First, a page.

President Joe Biden and Congress are facing an unfamiliar sight as they craft another round of pandemic relief programs: a farm economy that’s rapidly heating up after years of decline.
The upbeat forecast is raising questions about whether Washington should start peeling back the extensive subsidies that have kept producers afloat for years long before the coronavirus pandemic devastated the U.S. economy.
Watchdog groups argue that farmers keep getting a disproportionate amount of help while struggling sectors, like restaurants and biofuel producers, beg lawmakers for a lifeline. But the powerful industry and its allies on Capitol Hill say it’s too early to declare agriculture in the clear and pare back federal support, especially while the Covid-19 crisis rages on.
There’s little doubt things are looking up for the farm economy overall. Corn and soybean prices are soaring, and some growers are locking in profits by signing contracts to sell their crop before the peak of the fall harvest. Others are holding out, anticipating even higher prices later this year.
“It’s a healthier story than we’ve had the last couple years,” said Patrick Westhoff, director of the University of Missouri’s Food and Agricultural Policy Research Institute. “It’s a stronger picture than we would have thought even possible a few months ago.”
Positive trends for farmers
The Agriculture Department expects farmers in 2021 to earn $11.8 billion more from selling crops than they did last year. Livestock receipts are also projected to climb, by $8.6 billion — although higher grain prices will increase animal feed costs and eat into producer’s profits.
A recent analysis from the center-right American Enterprise Institute found that agriculture is “in a strong financial position compared to the rest of the economy and can expect higher commodity prices in 2021.”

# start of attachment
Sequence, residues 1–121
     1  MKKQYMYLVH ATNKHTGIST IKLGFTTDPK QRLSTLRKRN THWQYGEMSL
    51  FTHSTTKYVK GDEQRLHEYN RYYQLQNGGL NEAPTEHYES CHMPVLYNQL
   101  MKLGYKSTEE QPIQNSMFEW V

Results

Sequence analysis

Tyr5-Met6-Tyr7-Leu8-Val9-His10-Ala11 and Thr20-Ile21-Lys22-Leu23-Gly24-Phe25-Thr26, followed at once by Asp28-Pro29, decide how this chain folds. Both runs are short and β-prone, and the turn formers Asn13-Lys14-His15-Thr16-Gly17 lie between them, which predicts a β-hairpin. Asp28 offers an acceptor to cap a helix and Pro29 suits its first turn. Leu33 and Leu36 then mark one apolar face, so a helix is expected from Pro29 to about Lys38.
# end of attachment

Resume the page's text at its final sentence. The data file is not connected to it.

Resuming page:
“Claims the sector is facing a serious financial crisis and needs more government subsidies are overblown,” the analysts wrote.
Less than a year ago, at the start of the pandemic, the situation was dire. Desperate farmers and ranchers were dumping milk, euthanizing livestock and plowing crops into the ground, as the spiraling coronavirus crisis shut down schools, restaurants and meatpacking plants.
The government responded by pouring historic amounts of taxpayer dollars into the sector. Last year, a record $46 billion were paid in direct farm subsidies, accounting for almost 40 percent of the industry’s earnings last year.
“It sounds like a lot of dollars, but no one got whole,” says John Linder, president of the National Corn Growers Association. “They still had to weather losses.”
Linder, who grows corn, soybeans and wheat on his Ohio farm, said that many producers are looking forward to relying less on federal aid now that the fundamentals are turning around. But there’s still plenty of risk, including uncertainty about trade markets and rising production costs.
“It’s refreshing to see 2021 looking like an opportunity for us to not be in as big of a need,” he said. “Margins are good, but margins are thin.”
Now that the industry is on more solid footing, some agricultural economists and watchdogs say Congress should let taxpayers off the hook after bolstering farmers through years of turmoil, from the Trump administration’s trade wars to the pandemic.
“These farm subsidies need to be curtailed,” says Anne Schechinger, senior economic analyst at the Environmental Working Group, a nonprofit farm and environment watchdog group. “So many Americans are still struggling with the pandemic-induced economic crisis, but farmers are really doing well.”
Agriculture is a high-risk venture and essential for feeding the nation, so it’s been U.S. policy for decades to help the industry navigate downturns, weather disasters and other disruptions. But in recent years, steering huge sums of money to the farm sector has become almost reflexive for Washington — even as lawmakers haggle over whether money is needed for other industries and some complain about the price-tag of broader coronavirus relief packages.